Flint Park Artificial Turf Field Now Expected to Open in May
by Judy Silberstein
(April 3, 2008) Shivering in the surprisingly icy winds, sports supporters and local officials gathered at the Flint Park flag pole on Saturday, March 29 as representatives from Fields for Kids presented Larchmont Mayor Liz Feld with an outsized check for $800,000. The donation will help pay for the new artificial turf field that was under construction across the road. The group will also be contributing $700,000 for renovations at Lorenzen Park and has raised $1,480,000 towards their goal of $1.5 million for Larchmont field projects.
For many who braved the unseasonal temperatures, the burning question was: When can you play on the new facility? Larchmont Mayor Liz Feld and Mamaroneck Town Supervisor Valerie O’Keeffe had some welcome news: the turf field will be available for some sports activities as early as mid-May. There had been concerns that a Town project to replace a leaking pipe would delay completion of the field for another month, but the old pipe that runs under a corner of the turf will be filled with concrete and left in place to allow the field to open as planned.
“The Town has been great in speeding up its schedule,” said Mayor Feld.
The grass baseball and soccer fields in the eastern quadrant of the park, having undergone months of renovations, will be seeded in a few weeks and will open with new grass, drainage and irrigation in April of 2009.
Mayor Feld hailed the Flint Park project as “a fantastic public-private partnership like you’ve never seen.” She praised Fields for Kids president Jim Hanley for dragging the board to Rye Country Day School to visit “the gold standard” artificial turf fields there and credited Larchmont Village Trustee Jim Millstein for finding the spot to shoe-horn a new field into the park.
The overhaul of the park is expected to run $4.5 million, with funds coming from federal, state and county grants along with donations from Fields for Kids, the Flint Park Conservancy and the sports leagues. (See: County Approves $2.55 Million Grant for Flint Park.) Larchmont taxpayers are kicking in their share, with much of the money coming from bonds authorized in 2004. (See: Larchmont Prepares for $3.2 Million Makeover: Bonds Will Fund 6 Major Capital Improvements.)
Mayor Feld said the project is on schedule and on budget, despite having incurred an additional $330K to remove tons of debris and detritus found under the grass fields, which had once been used as a dump.
Anthony Catalano, Larchmont’s consultant with Woodard and Curran, led a tour through the renovations and provided further progress reports: “We are on schedule, we are pleased to say.”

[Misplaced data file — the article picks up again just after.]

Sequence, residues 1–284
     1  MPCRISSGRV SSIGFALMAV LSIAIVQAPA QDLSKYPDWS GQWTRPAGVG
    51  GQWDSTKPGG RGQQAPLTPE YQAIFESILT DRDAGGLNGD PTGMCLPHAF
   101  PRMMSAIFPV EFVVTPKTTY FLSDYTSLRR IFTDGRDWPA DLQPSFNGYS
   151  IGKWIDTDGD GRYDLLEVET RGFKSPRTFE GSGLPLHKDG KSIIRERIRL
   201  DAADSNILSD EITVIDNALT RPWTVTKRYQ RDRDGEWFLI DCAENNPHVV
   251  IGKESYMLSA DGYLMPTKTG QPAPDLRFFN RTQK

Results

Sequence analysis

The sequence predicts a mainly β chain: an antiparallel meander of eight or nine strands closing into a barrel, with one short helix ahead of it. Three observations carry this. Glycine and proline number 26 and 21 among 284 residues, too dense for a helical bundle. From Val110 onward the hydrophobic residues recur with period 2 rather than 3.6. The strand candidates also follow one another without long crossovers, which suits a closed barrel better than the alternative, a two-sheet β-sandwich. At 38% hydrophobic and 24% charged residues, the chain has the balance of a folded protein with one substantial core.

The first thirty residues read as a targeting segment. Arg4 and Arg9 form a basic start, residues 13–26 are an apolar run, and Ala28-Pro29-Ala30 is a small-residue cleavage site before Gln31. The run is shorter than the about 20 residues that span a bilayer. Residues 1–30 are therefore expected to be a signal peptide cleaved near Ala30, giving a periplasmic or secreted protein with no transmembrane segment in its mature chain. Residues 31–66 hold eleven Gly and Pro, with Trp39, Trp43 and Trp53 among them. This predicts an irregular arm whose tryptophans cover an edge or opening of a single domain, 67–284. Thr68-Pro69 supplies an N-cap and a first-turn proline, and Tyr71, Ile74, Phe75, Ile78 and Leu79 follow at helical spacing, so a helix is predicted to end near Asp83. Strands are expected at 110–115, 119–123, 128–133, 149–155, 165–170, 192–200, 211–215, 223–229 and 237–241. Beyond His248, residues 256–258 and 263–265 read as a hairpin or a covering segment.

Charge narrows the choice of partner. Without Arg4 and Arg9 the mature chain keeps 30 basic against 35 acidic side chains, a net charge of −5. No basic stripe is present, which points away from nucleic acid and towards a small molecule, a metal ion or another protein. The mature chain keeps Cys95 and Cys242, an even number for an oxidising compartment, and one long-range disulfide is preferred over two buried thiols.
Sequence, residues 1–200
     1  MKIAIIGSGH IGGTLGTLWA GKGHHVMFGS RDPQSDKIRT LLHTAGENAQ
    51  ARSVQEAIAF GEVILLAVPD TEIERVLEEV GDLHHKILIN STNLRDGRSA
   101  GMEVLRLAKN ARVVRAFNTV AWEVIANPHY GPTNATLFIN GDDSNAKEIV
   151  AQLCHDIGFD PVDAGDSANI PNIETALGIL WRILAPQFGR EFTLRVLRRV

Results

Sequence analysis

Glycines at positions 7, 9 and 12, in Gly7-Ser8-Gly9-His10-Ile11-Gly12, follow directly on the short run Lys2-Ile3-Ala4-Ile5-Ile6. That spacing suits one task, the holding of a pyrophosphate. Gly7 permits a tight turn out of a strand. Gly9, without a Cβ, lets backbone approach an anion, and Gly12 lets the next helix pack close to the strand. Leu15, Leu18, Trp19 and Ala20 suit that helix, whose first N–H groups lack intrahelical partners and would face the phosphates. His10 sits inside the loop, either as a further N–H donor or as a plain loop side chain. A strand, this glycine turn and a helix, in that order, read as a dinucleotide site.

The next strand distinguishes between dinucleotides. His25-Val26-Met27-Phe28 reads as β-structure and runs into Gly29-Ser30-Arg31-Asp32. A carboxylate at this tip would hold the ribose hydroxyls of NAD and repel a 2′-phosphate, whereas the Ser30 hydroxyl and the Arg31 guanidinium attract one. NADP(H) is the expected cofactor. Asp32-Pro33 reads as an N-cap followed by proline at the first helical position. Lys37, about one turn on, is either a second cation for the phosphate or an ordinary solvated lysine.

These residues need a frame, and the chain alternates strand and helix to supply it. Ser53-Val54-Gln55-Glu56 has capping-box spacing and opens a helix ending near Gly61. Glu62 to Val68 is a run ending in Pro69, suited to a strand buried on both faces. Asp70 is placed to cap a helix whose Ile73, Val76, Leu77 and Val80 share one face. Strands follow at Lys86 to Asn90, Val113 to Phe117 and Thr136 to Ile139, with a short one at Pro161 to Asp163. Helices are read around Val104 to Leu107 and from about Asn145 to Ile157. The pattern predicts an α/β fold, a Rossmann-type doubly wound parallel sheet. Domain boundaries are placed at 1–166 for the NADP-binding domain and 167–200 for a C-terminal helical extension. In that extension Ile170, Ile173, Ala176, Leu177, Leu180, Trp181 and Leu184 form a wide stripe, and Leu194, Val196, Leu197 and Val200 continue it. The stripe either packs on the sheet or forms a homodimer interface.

Except for a “few punch list items” and some benches and signage, the nature walk along the water at the back of the park is essentially constructed and planted. New permeable asphalt walkways are almost ready and will allow pedestrian access around the perimeter of the grass fields while also letting water drain into the ground below. Also underway are renovations to the parking lot at Birch Lane (which is also getting a porous asphalt surface). Installation of the new trees, bushes and other landscaping is set for the fall along with work on the parking lot near the American Legion hall.
The current projects expanded on earlier plans for an environmental area and renovated grass fields. The most significant addition is the artificial turf field (which required removal of some tennis courts along with a grove of old trees and a colony of feral cats that has been cared for by community volunteers). Mr. Catalano pointed out how a rethinking of Larchmont’s leaf composting area provided additional open space for the environmental area. The road that runs through the park is being rerouted and partly removed, making room for a picnic area near the American Legion Hall and an expanded grassy area beside the turf field.
For many on the tour, this was their first sight of the water behind Flint Park, an inlet of the Long Island Sound which for years has been hidden behind chain link fences, dirt berms and mounds of leaves. A combination of crushed rock paths and “wooden” boardwalks (made of recycled plastic) winds along the water, connecting on one side to trails into the Hommocks environmental area and on the other to the asphalt paths that circle Flint Park’s grass ball fields. Two observation decks rise above the marsh and provide further views of the cove and its water birds.
On the way to the environmental area, Mayor Feld pointed out the tall poles and netting that rise behind home base at the grass fields that are still being worked on. “We all realize they’re not a thing of beauty, she commented, “but for safety reasons, we believe we should keep them for now.” She mentioned that more people than ever are expected to be walking behind the fields as they go towards the water or the artificial field. The only parking in that area will be for handicap access. “One of Anthony’s biggest contributions is to make the park as pedestrian friendly and kid friendly as possible,” said Mayor Feld.
In addition to water views, the tour took in the expanded vista from Flint Park towards the Hommocks fields and beyond, which has not been universally applauded. Some park neighbors have complained about losing privacy and forest scenery. Supervisor O’Keeffe observed that she could now see the cupola of Mamaroneck High School rising in the distance like the spires in a picturesque New England village. She also took note of the drab back wall of the Hommocks Ice Rink and suggested some of the new landscaping might be positioned to soften that part of the view. Mayor Feld has said she expects the new plantings, in time, will address many of the esthetic and privacy issues.